Carbon dioxide may have a profound influence on the development of gas bubbles in the blood, a fresh doctoral study at the Norwegian School of Veterinary Science (NVH) has shown.
Decompression sickness can develop in both sports and professional divers if the diver surfaces too quickly and nitrogen in the blood does not have sufficient time to re-dissolve and distribute before the diver reaches the surface. Decompression sickness is a painful condition, which at worst may be life-threatening.Local production of CO2
The doctoral thesis of Henrik Rasmussen shows, however, that naturally-produced CO2 formed in the caecum of mice and rats is distributed through the entire intestinal wall, creating a state of localised supersaturation at various places in the caecum. Should these animals subsequently be given ultrasound contrast agents, which consist of gas bubbles administered intravenously, the gasses in these agents increase in size as a result of the gas supersaturation, causing damage to the caesium and liver.Consequences for North Sea divers?
This work was carried out in collaboration with researchers from GE Healthcare, the Karolinska Institute in Stockholm, the Rikshospitalet University Hospital in Oslo and the University of Gothenborg, Gothenborg, Sweden.
Magnhild Jenssen | alfa
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Physicists of the University of Würzburg have made an astonishing discovery in a specific type of topological insulators. The effect is due to the structure of the materials used. The researchers have now published their work in the journal Science.
Topological insulators are currently the hot topic in physics according to the newspaper Neue Zürcher Zeitung. Only a few weeks ago, their importance was...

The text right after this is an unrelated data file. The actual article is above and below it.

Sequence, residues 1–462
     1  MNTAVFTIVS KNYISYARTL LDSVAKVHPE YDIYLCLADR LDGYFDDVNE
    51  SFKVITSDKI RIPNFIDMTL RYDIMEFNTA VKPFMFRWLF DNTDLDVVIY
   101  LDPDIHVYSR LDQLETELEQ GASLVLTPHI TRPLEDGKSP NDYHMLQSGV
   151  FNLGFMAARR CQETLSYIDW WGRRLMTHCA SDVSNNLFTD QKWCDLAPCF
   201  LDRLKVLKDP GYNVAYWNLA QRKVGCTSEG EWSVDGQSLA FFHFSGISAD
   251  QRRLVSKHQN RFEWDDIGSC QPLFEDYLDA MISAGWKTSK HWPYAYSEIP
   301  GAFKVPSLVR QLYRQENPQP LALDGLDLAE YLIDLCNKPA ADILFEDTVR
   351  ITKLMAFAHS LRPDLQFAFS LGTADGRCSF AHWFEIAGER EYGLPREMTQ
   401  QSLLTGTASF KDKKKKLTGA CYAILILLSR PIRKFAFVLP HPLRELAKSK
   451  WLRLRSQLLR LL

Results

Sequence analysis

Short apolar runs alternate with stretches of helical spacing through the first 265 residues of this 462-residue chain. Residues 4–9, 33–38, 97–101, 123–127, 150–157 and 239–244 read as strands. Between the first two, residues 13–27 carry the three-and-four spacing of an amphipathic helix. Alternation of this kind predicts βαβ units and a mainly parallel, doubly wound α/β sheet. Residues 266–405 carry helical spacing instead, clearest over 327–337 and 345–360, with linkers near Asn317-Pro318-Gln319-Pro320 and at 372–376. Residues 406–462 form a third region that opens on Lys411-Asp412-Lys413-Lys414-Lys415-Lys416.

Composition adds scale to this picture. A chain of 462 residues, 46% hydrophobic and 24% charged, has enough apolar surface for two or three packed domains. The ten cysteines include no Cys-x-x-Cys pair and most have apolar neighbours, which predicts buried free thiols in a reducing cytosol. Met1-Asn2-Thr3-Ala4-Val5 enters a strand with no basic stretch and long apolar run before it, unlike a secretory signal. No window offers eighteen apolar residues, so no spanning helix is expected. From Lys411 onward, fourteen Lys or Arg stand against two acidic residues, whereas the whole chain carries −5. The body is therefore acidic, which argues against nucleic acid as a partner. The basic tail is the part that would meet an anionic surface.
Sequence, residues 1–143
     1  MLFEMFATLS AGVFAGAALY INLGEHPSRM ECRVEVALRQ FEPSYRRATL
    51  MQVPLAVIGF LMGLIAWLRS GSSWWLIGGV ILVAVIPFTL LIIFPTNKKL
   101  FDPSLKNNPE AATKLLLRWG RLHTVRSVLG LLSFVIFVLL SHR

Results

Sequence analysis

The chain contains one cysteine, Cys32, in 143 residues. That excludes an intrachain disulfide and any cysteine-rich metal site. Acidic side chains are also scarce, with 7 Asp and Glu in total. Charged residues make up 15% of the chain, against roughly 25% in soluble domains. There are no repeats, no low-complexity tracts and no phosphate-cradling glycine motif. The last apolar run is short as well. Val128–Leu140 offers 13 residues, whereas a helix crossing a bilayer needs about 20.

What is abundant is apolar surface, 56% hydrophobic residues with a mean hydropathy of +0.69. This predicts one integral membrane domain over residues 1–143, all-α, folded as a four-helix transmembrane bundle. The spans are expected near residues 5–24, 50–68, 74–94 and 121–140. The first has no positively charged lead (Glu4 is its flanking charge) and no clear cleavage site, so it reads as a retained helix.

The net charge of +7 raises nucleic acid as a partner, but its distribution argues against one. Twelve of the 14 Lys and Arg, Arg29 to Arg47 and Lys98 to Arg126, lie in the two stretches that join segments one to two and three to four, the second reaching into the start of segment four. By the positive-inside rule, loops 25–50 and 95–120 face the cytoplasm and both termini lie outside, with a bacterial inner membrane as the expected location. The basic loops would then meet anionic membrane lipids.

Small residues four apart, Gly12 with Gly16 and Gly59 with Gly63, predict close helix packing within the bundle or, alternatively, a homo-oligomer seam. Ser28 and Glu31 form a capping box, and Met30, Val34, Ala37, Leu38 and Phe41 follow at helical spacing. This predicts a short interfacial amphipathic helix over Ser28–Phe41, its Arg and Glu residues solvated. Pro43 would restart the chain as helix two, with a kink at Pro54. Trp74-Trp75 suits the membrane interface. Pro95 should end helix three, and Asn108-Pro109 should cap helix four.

In recent years, lasers with ultrashort pulses (USP) down to the femtosecond range have become established on an industrial scale. They could advance some applications with the much-lauded “cold ablation” – if that meant they would then achieve more throughput. A new generation of process engineering that will address this issue in particular will be discussed at the “4th UKP Workshop – Ultrafast Laser Technology” in April 2017.
Even back in the 1990s, scientists were comparing materials processing with nanosecond, picosecond and femtosesecond pulses. The result was surprising:...
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A multi-institutional research collaboration has created a novel approach for fabricating three-dimensional micro-optics through the shape-defined formation of porous silicon (PSi), with broad impacts in integrated optoelectronics, imaging, and photovoltaics.
Working with colleagues at Stanford and The Dow Chemical Company, researchers at the University of Illinois at Urbana-Champaign fabricated 3-D birefringent...
In experiments with magnetic atoms conducted at extremely low temperatures, scientists have demonstrated a unique phase of matter: The atoms form a new type of quantum liquid or quantum droplet state. These so called quantum droplets may preserve their form in absence of external confinement because of quantum effects. The joint team of experimental physicists from Innsbruck and theoretical physicists from Hannover report on their findings in the journal Physical Review X.
“Our Quantum droplets are in the gas phase but they still drop like a rock,” explains experimental physicist Francesca Ferlaino when talking about the...
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